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Children Without a StateA Global Human Rights Challenge$
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Jacqueline Bhabha

Print publication date: 2011

Print ISBN-13: 9780262015271

Published to MIT Press Scholarship Online: August 2013

DOI: 10.7551/mitpress/9780262015271.001.0001

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Birthright Citizenship: The Vulnerability and Resilience of an American Constitutional Principle

Birthright Citizenship: The Vulnerability and Resilience of an American Constitutional Principle

Chapter:
(p.255) 11 Birthright Citizenship: The Vulnerability and Resilience of an American Constitutional Principle
Source:
Children Without a State
Author(s):

Linda K. Kerber

Publisher:
The MIT Press
DOI:10.7551/mitpress/9780262015271.003.0011

This chapter examines definitions of birthright citizenship under the United States constitution. Although jus soli is the main system through which most Americans claim their citizenship, jus sanguinis is another system of claiming citizenship by people born outside the United States via law of blood. The chapter explores practices defining the selection process of children born outside the United States for US citizenship, as well as the questions of protection and belonging that these practices raise. Several appeals have been made to the US federal courts for improvement in the birthright citizenship law.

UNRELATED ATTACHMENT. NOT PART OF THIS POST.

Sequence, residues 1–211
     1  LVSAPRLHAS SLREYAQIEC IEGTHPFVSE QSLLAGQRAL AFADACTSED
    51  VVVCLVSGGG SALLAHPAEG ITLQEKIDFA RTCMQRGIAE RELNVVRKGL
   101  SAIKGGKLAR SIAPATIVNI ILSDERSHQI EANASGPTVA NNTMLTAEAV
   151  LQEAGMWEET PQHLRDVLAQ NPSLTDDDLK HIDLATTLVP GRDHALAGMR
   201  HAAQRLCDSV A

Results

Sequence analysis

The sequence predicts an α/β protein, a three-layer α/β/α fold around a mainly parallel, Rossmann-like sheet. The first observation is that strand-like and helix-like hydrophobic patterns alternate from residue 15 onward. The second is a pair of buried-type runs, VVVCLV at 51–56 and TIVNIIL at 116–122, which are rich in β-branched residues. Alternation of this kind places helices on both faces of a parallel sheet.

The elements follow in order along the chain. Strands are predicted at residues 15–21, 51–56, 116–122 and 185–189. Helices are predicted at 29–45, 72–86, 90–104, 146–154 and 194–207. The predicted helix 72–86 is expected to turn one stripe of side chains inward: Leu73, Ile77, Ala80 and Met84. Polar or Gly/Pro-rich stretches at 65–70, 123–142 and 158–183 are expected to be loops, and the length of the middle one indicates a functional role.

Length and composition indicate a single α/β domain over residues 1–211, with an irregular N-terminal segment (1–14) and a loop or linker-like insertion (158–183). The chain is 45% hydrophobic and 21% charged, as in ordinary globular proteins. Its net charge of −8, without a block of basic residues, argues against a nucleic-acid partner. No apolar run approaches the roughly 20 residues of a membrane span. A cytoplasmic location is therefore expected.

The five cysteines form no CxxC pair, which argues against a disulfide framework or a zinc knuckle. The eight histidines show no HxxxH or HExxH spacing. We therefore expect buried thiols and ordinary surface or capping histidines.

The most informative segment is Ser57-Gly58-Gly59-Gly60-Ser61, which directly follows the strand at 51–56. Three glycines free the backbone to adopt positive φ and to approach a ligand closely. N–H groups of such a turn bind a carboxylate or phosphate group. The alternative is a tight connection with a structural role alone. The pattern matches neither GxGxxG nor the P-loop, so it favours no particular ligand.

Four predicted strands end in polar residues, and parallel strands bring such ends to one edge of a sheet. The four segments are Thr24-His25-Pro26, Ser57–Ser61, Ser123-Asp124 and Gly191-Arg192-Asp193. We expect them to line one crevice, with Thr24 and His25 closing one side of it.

Keywords:   birthright citizenship, jus soli, jus sanguinis, law of blood, federal courts

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